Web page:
At Impact Venture Capital, we focus on the information technology companies serving global challenges industries, including security and government; energy and transportation; agriculture and health; and education and media.  
 
We partner with major corporations to resource these efforts and ensure our startups are funded and sustainable for the long haul.  We are deliberately headquartered in the heart of the Northern California global innovation economy, with offices in Silicon Valley and Sacramento.  By taking advantage of all that Northern California has to offer – including the technologies and capital of the Bay, the climate and policy expertise of the Central Valley, and the unparalleled research institutions of both, Impact will tap into the most exciting opportunities coming from our best labs or from our smallest garages.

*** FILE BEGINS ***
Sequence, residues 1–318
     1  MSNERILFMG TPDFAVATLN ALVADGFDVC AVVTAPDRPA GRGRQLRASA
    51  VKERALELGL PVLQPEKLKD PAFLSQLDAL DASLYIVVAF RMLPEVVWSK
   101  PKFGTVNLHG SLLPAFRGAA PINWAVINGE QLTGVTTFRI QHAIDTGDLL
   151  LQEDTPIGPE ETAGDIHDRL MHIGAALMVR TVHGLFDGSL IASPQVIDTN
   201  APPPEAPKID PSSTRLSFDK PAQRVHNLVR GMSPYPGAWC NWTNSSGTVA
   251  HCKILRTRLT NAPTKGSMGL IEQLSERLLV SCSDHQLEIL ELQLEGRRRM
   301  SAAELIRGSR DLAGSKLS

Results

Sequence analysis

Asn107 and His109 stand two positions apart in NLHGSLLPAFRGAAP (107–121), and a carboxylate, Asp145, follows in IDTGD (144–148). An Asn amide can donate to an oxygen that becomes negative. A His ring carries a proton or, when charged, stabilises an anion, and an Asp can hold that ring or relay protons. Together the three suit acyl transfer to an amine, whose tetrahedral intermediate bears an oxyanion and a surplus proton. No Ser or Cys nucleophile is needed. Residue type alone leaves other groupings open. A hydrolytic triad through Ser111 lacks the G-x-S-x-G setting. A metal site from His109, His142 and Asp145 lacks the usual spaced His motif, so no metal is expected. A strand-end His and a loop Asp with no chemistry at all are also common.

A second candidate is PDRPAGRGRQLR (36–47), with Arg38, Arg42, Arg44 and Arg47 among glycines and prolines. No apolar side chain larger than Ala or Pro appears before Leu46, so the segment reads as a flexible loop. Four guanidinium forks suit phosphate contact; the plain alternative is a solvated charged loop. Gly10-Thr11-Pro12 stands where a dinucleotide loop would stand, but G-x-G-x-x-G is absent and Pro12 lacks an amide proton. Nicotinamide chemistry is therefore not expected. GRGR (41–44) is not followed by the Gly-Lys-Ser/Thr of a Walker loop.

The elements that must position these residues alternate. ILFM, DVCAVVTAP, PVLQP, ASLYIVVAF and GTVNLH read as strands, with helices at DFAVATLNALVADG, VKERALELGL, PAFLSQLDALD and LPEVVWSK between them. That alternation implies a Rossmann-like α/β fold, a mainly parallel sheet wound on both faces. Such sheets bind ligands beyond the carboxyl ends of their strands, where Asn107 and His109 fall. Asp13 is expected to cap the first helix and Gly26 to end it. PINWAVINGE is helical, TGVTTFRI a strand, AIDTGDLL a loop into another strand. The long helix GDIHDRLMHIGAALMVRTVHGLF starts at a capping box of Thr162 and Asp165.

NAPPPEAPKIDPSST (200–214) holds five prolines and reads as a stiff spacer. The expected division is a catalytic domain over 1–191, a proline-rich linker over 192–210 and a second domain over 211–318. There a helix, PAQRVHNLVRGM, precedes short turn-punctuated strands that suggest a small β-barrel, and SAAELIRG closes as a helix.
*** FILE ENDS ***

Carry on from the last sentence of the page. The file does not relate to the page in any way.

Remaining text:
Impact has tailored a business model built on a bevy of entrepreneurship innovation programs and a corporate advisory and co-investment practice.  The innovation programs serve as a boot camp for startups, greatly de-risking our early-stage investments; our advisory practice allows our startups to rapidly identify corporate pain points and accelerate customer adoption. Together, these services provide our fund unique access to new market insights and deal flow.
 

The world’s about to change radically, and with wise and targeted investments, we can make sure those changes solve our greatest challenges.

Discussion

Leave your comment below, or reply to others.

0 Comments

Submit a Comment

Your email address will not be published. Required fields are marked *

This site uses Akismet to reduce spam. Learn how your comment data is processed.

Read more from the Meeting of the Minds Blog

Spotlighting innovations in urban sustainability and connected technology